The filters used in the cans use a new manufacturing process that utilizes electrostatic filter media to negatively charge the dual-layer filters, actively attracting particles and other pollutants in the air to the filters. Dyson claims this can filter 99% of the particulates in the air down to 0.1 microns, and that includes harmful gases including nitrogen dioxide, sulphur dioxide and ground-level ozone, not filtered with traditional particulate filters. ([email protected])

 

Photo credit: Michelle Ehrhardt / Gizmodo

For that eye-watering price, you’ll be getting 8-10 mic active noise canceling (ANC), depending on whether you have the air purifier on, and a promised 50 hours of battery life. Running the purifier drastically shortens that lifespan to 1.5 – 2.5 hours, depending on its speed. But the benefit you can’t put a price on, the piece de resistance here, is the Bane cosplay that comes with the detachable air purifier. It works with filters in the ear cups to push fresh air into your mouth and nose at 10,000 RPM as you confront your nemesis, Batman. ([email protected])

 

See also: Researchers create prototype capable of sending and receiving tactile sensations

The following was originally published on April 1, 2022:

Two days ago, (so not on April Fools), Jake Dyson officially debuted his dystopian noise-cancelling, air-purifying ear-and-face mask. I will first say that noise-cancelling and air-purifying are two of my favorite things and as a migraine sufferer if they could add a built in ice-pack and eye shade I would be grateful. However. The hardest thing to face about this product (for your face) is the compelling need it tries to meet–protection from the ever-increasing global noise and air-pollution. Given the years of R&D that went into it the irony of coming out with the most extra face mask is probably a total coincidence of timing. Unlike many products that charged onto the market to help with pandemic, the Zone appears to be something Dyson thought was important to human survival even before Covid. In California where I live, this comes too little to late for the #1 demographic for this kind of thing–gardeners driving gas-powered leaf blowers. I’m sure they were factored in the business plan, so there will need to be some adjusted forecasts now that one of the most ubiquitous sources of noise and noxiousness is banned (but still widely in use I notice here in Cali.)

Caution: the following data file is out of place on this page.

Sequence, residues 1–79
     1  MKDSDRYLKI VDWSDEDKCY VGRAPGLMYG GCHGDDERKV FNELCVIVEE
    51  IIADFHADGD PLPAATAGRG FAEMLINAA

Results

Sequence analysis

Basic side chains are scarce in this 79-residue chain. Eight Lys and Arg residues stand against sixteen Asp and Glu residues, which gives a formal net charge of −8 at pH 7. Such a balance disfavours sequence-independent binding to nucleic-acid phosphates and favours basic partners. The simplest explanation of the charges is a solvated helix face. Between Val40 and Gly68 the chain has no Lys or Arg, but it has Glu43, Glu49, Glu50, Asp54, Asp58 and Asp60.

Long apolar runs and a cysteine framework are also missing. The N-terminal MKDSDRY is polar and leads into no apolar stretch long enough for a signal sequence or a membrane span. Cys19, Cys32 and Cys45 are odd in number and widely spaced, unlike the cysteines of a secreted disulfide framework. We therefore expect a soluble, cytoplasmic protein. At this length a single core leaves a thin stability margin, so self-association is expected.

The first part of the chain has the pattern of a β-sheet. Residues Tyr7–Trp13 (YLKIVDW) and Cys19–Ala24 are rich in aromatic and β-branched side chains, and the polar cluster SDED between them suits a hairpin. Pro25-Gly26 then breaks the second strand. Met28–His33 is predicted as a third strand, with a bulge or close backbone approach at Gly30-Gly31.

Here’s how Dyson announced it:

Today, Jake Dyson has unveiled the Dyson Zone™, Dyson’s first step into wearable technology. The Dyson Zone™ is a set of noise cancelling, high fidelity over-ear headphones which simultaneously deliver immersive sound to the ears, and purified airflow to the nose and mouth. The result of over a decade of air quality research and development, the Dyson Zone™ air-purifying headphones simultaneously tackle the urban issues of air quality and noise pollution.

As the world’s urban population continues to grow, the World Health Organization (WHO) estimates that 9 in 10 people globally breathe air that exceeds WHO guideline pollutant limits [1]. Where NO2 pollution in cities decreased during the Covid-19 pandemic [2] , levels have quickly returned to normal, or exceeded pre-pandemic levels across many global cities [3]. It is estimated that more than 100 million people, around 20% of the European population, are exposed to long-term noise exposure above WHO guidance [4].

6 years & 500 prototypes